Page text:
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Odd Wisconsin Archive

Wyocena: It Came To Him in a Dream


The origins of many Wisconsin place names are recorded in our online Dictionary of Wisconsin History. The note there on the Columbia County town of Wyocena -- that the name came to the town's founder, Elbert Dickason, in a dream -- led us to investigate.

Dickason (1799-1848) was born in Virginia and migrated west gradually, arriving in Illinois in time to be commissioned a major during the Black Hawk War of 1832. Apparently he liked whatever he saw of Wisconsin during the war, because a few years later, when most of southeastern Wisconsin came up for sale, Major Dickason took out a mortgage on 1,300 acres where the village of Columbus now stands.

But Wisconsin was not kind to Major Dickason. Moving to Columbus in 1839 with herds of oxen, cattle, and workers, he erected a sawmill and set about farming. His first wheat crop was burned by inhospitable Ho-Chunk neighbors, a drought devastated his livestock, and when provisions ran out, his workers sought greener pastures elsewhere. Winters were so harsh that deer starved to death in the deep snow, unable to browse on trees or underbrush. Finally, in the spring of 1843, after investing nearly $10,000 (so it was said), Major Dickason called it quits. The mortgage holder took back the land and took over the saw mill, leaving Dickason a mere $200. With this modest sum in hand he relocated with his family a few miles northeast at a place then known as Duck Creek.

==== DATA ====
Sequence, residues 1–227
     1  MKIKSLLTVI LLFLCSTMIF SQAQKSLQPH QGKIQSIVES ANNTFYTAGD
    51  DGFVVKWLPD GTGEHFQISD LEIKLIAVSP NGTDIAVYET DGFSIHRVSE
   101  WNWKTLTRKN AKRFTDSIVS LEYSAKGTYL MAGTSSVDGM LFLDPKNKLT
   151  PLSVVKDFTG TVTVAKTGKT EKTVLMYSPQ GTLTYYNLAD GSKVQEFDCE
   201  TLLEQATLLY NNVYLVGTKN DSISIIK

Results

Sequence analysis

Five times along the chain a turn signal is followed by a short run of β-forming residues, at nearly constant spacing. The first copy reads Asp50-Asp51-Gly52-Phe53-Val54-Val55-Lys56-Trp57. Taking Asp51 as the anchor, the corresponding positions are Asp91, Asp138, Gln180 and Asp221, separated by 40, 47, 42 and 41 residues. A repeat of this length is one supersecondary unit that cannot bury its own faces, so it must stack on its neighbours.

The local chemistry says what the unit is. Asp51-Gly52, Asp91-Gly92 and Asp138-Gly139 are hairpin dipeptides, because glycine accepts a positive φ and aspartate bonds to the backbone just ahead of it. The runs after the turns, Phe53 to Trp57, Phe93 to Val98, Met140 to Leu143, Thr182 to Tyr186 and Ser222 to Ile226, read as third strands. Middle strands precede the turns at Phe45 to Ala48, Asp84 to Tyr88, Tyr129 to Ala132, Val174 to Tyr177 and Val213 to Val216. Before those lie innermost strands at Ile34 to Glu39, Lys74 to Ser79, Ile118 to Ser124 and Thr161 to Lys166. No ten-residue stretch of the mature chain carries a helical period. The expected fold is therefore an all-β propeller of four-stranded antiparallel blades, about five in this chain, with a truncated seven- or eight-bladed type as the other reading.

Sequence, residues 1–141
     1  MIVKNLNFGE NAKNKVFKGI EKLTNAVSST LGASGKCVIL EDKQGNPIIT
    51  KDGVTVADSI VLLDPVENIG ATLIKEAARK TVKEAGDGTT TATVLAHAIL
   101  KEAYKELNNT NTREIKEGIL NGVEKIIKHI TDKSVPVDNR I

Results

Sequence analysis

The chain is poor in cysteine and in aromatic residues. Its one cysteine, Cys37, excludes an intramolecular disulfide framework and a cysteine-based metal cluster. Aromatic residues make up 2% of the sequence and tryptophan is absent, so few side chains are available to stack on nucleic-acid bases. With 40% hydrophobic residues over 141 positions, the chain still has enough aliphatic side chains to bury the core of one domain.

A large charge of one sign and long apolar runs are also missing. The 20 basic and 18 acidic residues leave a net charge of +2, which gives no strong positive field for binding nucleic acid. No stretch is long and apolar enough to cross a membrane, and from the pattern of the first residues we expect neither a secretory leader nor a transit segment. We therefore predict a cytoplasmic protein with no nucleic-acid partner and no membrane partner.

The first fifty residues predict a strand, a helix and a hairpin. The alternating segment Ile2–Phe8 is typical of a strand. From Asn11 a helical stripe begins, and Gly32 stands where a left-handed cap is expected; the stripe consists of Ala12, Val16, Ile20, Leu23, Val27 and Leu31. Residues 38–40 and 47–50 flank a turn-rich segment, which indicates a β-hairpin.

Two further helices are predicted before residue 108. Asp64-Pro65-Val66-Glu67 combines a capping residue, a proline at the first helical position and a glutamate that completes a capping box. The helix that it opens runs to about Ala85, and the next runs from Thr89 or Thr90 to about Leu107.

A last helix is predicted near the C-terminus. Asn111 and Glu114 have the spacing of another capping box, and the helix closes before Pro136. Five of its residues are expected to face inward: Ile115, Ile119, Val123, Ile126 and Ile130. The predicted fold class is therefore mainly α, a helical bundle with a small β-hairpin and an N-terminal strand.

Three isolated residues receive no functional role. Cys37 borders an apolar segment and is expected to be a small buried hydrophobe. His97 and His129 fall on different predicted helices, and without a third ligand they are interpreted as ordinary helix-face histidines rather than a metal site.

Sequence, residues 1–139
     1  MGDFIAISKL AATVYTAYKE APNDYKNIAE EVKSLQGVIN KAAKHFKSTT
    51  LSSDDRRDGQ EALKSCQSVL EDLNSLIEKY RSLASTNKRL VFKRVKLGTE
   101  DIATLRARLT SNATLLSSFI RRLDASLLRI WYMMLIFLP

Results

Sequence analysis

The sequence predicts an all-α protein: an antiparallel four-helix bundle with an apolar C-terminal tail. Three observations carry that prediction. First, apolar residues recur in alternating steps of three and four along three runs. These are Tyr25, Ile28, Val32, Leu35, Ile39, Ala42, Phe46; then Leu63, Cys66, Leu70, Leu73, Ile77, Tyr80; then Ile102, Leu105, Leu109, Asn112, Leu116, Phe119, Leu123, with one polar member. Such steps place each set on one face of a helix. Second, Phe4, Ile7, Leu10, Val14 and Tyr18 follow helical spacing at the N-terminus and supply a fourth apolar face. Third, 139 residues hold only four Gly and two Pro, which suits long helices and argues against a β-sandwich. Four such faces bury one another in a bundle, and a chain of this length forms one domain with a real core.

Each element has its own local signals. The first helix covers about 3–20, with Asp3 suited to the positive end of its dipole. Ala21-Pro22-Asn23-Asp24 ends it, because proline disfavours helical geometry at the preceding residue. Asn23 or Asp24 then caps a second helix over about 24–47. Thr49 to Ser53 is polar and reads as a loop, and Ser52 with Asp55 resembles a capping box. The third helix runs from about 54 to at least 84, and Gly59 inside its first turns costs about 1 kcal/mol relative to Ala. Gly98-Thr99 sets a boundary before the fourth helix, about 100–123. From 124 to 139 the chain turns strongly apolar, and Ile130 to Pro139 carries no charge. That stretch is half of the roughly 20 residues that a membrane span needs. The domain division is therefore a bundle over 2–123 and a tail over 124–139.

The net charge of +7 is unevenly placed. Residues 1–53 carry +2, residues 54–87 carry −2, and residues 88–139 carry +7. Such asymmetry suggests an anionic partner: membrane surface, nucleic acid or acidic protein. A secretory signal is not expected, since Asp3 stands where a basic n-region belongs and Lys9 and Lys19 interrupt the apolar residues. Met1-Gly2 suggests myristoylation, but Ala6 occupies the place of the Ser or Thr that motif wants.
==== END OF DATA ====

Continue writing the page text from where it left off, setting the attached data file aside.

Here he purchased land for $1.25 per acre, surveyed the vicinity, laid out house lots, and built a cabin large enough to also function as a tavern and hotel. In 1844 and 1845 a few more settlers straggled in, and early in 1846 the infant settlement had a chance of being named county seat of the new Columbia County. The residents, however, felt that no town with the humble name of "Duck Creek" stood much chance of being proclaimed the seat of government. They discussed the issue frequently that summer, congregating at Dickason's hotel. One morning he came downstairs and announced to the assembled citizens that the problem had been solved.

According to an early settler, whose father had been present, Major Dickason "dreamed that he was walking through the streets of a thickly populated city. He asked a stranger its name. The stranger spelled out the name for him: W-i-o-c-e-n-a." The residents embraced this poetic, mystically conferred name, and it carried the day. A few years later, when a post office was opened in the town, the spelling was changed to Wyocena, and so it has remained.

For more on the origins of Columbia County names, see these newspaper pieces in our collection of Wisconsin Local History & Biography Articles.

You'll find many more odd stories inside the dozens of volumes we recently put online in our Wisconsin County Histories collection. Browse, search and serendipitously stumble upon some of your town's forgotten history there.


:: Posted in Curiosities on October 1, 2009

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